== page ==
Five things to know about buying an SSS acquired asset |
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Five things to know about buying an SSS acquired asset

by Jillian CariolaPublished: July 20, 2017Updated: July 20, 2017

Think a low-cost acquired asset would be the ideal property for you to buy? Here are some important factors to consider

SSS Acquired Assets Foreclosure Lamudi Affordable Housing Fair MyProperty Philippines

Acquired assets, also called foreclosures, are properties that have been possessed by a lending institution such as a bank when the homeowner fails to keep up with the monthly mortgage payments. Since a foreclosed property is a non-performing asset, the lender will want to sell it as soon as possible, which is why these properties are often offered for a low price.

But don’t jump on the bandwagon until you have learned what you need to know about foreclosures. Like all real estate transactions, it can be complicated and it has risks, but if done right and with full understanding, it should work out well for you. Here are five facts that you need to know when buying an acquired asset.

1. Want the perfect home? Look elsewhere

Acquired assets are sold below market value, and while this sounds like a dream for aspiring homeowners on a budget, it should be noted that these properties are sold “as-is.” This means any and all repair and maintenance work required to bring the property up to grade will be shouldered by the buyer. How tight are your finances? Will you be prepared to financially support the wear and tear of the property?

2. To buy directly or to bid?

Buying a property as soon as a lender acquires it is the easiest route to take. It is also the safest, since you get to inspect the property before making an offer. If you decide to try your luck at an auction, however, you cannot view the property beforehand, so you will have no idea of the extent of damages, if any. The benefit of going to a bidding, though, is that prices start really low, so you have a shot at saving money if you end up winning.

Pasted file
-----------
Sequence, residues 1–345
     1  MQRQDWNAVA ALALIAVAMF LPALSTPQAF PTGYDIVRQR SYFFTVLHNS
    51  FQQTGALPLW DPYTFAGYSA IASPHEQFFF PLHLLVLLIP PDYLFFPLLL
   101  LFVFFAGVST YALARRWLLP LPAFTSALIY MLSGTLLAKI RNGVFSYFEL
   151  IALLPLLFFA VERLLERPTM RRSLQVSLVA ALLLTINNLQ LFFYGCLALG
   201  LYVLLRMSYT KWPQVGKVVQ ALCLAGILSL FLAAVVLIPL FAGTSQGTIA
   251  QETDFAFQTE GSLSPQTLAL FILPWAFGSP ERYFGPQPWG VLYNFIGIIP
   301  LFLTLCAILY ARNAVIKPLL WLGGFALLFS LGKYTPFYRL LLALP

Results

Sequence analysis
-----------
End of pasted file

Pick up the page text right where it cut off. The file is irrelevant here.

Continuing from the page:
3. Bills, bills, bills

Sometimes, a property’s former owner hits an incredibly rough patch financially, so much so that even the bills go unpaid. If you’re really unlucky, you might be looking at a property where water, electricity, and cable bills, and even homeowners’ association fees have been neglected for months. You will have to add those to the possible costs of repairing the home.

4. Limited time offer

In the game of foreclosures, money talks. Or to be more specific, cash. You need to have the money on hand to buy the property or you risk losing it. As mentioned, lenders are trying to get rid of these properties quickly, so they will not wait around for you to come up with the money. If you cannot produce the down-payment, the property goes back to the market or gets snapped up by somebody else.

5. A business opportunity waiting to happen

Have you ever heard of house flipping? Buying a property on the cheap, giving it a complete overhaul, and selling it for its new increased value. Either that, or they can put it up as a property for lease for a steady stream of income. A business-minded individual entering real estate might look at a fixer-upper and not see a run-down property but a chance to make money, which is why they are willing to take the plunge into foreclosure investing.